The first thing my mother told me when I woke up at home in Miami on Saturday morning, Nov. 26 was, “Fidel Castro died!” as smiles broke across both of our faces. “No way!” I cheered, sitting up in bed. The man who tore my family apart between two countries has finally fallen.
Fidel’s impact on my life goes far beyond those of edgy millennials who own a Che Guevarra t-shirt. He is the reason my family is separated between two countries, the reason I lived almost my entire life without meeting so many aunts, uncles and cousins. He is the man who robbed me of being able to see and touch my own motherland.
Fellow Cubans reacted to the news by pouring into the streets by the hundreds, banging pots and pans and waving Cuban flags in front of the famous restaurant Versailles. In the capital of Cuban exiles, Fidel’s death was met with pure joy, relief and celebration, a day we have been waiting for for decades.
But not everybody sees it that way. From white American “brocialists” who flirt with Marxism as a mental exercise, to those who admire Fidel’s commitment to Palestinian liberation, to racial equality activists who praise his contribution to ending apartheid in South Africa, many around the world celebrate Fidel’s legacy as a champion for justice.
Except those from his own country. This week, I have found myself exhausted from repeatedly explaining the insanity that is the Castro regime.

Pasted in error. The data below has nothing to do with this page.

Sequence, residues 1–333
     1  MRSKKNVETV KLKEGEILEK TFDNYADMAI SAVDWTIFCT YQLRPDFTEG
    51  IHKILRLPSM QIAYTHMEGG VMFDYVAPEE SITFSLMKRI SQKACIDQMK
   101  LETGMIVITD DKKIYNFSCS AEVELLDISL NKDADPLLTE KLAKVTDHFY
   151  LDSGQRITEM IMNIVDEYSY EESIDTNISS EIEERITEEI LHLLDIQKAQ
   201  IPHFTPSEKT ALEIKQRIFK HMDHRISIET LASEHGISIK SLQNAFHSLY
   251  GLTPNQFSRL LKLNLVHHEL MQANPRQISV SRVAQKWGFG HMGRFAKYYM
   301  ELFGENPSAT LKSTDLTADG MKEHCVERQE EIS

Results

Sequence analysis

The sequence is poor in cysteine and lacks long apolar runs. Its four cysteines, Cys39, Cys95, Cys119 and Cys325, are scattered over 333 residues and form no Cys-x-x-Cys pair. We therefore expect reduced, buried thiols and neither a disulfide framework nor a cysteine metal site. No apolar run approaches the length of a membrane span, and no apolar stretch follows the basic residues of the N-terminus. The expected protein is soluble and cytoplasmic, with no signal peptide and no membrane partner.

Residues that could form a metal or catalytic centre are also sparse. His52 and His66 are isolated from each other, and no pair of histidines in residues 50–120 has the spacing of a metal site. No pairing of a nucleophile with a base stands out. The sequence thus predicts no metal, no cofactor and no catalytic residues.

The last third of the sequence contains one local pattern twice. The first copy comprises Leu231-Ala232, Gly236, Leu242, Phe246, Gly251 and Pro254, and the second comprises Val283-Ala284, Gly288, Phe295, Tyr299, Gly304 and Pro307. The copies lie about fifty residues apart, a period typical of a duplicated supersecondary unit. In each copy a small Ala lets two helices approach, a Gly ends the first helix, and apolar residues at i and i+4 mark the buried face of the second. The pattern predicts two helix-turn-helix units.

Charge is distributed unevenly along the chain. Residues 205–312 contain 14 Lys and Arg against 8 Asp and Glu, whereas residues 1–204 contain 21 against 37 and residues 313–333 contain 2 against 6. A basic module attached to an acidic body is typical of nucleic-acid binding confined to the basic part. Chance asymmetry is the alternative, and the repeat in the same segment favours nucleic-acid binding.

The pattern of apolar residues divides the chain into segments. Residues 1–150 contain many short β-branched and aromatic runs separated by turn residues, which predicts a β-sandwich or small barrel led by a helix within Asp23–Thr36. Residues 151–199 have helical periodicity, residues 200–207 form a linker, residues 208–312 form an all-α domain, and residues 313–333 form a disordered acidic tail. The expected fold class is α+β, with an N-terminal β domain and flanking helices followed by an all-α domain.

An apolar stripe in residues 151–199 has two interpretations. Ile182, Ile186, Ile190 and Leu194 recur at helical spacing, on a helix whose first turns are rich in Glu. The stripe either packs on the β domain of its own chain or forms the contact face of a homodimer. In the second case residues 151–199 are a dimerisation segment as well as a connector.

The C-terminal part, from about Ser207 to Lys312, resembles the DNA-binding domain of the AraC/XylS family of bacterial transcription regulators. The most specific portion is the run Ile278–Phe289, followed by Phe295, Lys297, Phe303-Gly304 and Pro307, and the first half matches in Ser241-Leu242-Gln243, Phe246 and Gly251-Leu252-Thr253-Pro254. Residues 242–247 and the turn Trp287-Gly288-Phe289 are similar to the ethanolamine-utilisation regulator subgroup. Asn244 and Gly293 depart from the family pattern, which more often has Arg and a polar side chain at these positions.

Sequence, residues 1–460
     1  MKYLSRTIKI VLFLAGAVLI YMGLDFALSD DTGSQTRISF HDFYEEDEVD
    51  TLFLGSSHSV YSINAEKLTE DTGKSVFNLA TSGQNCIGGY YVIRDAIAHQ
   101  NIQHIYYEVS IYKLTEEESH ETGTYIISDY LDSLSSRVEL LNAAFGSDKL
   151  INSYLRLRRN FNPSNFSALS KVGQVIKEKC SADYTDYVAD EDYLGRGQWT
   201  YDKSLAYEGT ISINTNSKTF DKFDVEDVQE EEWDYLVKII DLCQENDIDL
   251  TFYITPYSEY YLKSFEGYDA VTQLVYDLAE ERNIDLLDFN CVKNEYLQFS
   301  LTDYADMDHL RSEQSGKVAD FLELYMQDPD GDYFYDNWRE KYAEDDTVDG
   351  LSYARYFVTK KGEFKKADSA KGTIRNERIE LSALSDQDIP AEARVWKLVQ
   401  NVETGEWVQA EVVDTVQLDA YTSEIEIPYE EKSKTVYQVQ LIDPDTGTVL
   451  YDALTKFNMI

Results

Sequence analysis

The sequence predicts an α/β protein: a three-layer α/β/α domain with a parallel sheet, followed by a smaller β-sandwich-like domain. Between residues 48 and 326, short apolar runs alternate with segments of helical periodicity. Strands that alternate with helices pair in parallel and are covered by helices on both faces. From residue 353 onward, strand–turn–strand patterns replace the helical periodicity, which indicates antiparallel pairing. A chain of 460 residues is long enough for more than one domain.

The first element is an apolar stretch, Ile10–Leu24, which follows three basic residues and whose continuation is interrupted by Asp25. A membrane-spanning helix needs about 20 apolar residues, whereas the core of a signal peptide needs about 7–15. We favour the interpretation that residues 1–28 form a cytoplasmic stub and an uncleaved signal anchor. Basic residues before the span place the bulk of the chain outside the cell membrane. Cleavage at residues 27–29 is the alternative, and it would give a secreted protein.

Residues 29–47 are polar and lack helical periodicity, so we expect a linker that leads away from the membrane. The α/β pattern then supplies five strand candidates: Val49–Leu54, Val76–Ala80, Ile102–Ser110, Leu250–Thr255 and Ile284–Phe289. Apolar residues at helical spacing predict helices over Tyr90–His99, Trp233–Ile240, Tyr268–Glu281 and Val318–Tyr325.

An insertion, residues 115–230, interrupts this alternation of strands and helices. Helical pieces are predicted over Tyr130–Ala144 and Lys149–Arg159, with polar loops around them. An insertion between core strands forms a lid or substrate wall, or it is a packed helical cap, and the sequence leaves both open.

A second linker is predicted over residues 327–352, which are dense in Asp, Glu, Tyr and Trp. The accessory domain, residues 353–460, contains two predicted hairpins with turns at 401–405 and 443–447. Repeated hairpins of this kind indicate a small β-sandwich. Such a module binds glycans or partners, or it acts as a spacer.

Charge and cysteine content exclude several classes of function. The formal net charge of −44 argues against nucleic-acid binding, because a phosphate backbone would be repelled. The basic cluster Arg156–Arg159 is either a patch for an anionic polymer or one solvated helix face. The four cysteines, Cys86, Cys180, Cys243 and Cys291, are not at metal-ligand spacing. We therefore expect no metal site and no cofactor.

Nothing is going to make me admire a man who suppressed freedom of speech, freedom of press, who stole people’s property and livelihoods, who threw anyone who was suspected of “counter-revolutionary” activity in jail indefinitely where they were tortured and many died in horrible conditions, who was so married to his Communist dream that he let a whole country go hungry and in rags while he lived like a king.
Nothing is going to make me applaud the man who arrested my grandfather’s uncle just because he was a policeman during the time of Batista’s presidency, put him in a line with fifty other men in front of a trench, and had his militia mow them down with machine guns.
Nothing is going to make me celebrate the man who created concentration camps for LGBTQ+ Cubans, where suspected “counter-revolutionaries” were forced to do hard labor without sufficient food or water, in unsanitary conditions, where hundreds died of torture and suicide.
Nothing is going to make me respect the man who kept my abuela from saying goodbye to her brother before he died.
But maybe that’s just me and the hundreds of Cubans who leave their families knowing they will never see them again, dying every year on makeshift rafts trying to get to Miami.
Fidel’s favorite catchphrase was, “La historia me absolverá,” or, “History will absolve me.” But I’m not so sure about that. Regardless of ideology, the methods Castro chose to force his vision of a Communist Cuba are inexcusable. Achievements such as high literacy rate and free universal healthcare are not validated by the countless human rights abuses he committed against the Cuban people to keep himself in power.
Fidel Castro may be leaving the world with a mixed legacy, but no one can paint a picture of him without including the heartbreaking narratives of countless Cuban exiles whose lives and those of their descendants were forever scarred by his dictatorship.
Que te quemes en el infierno.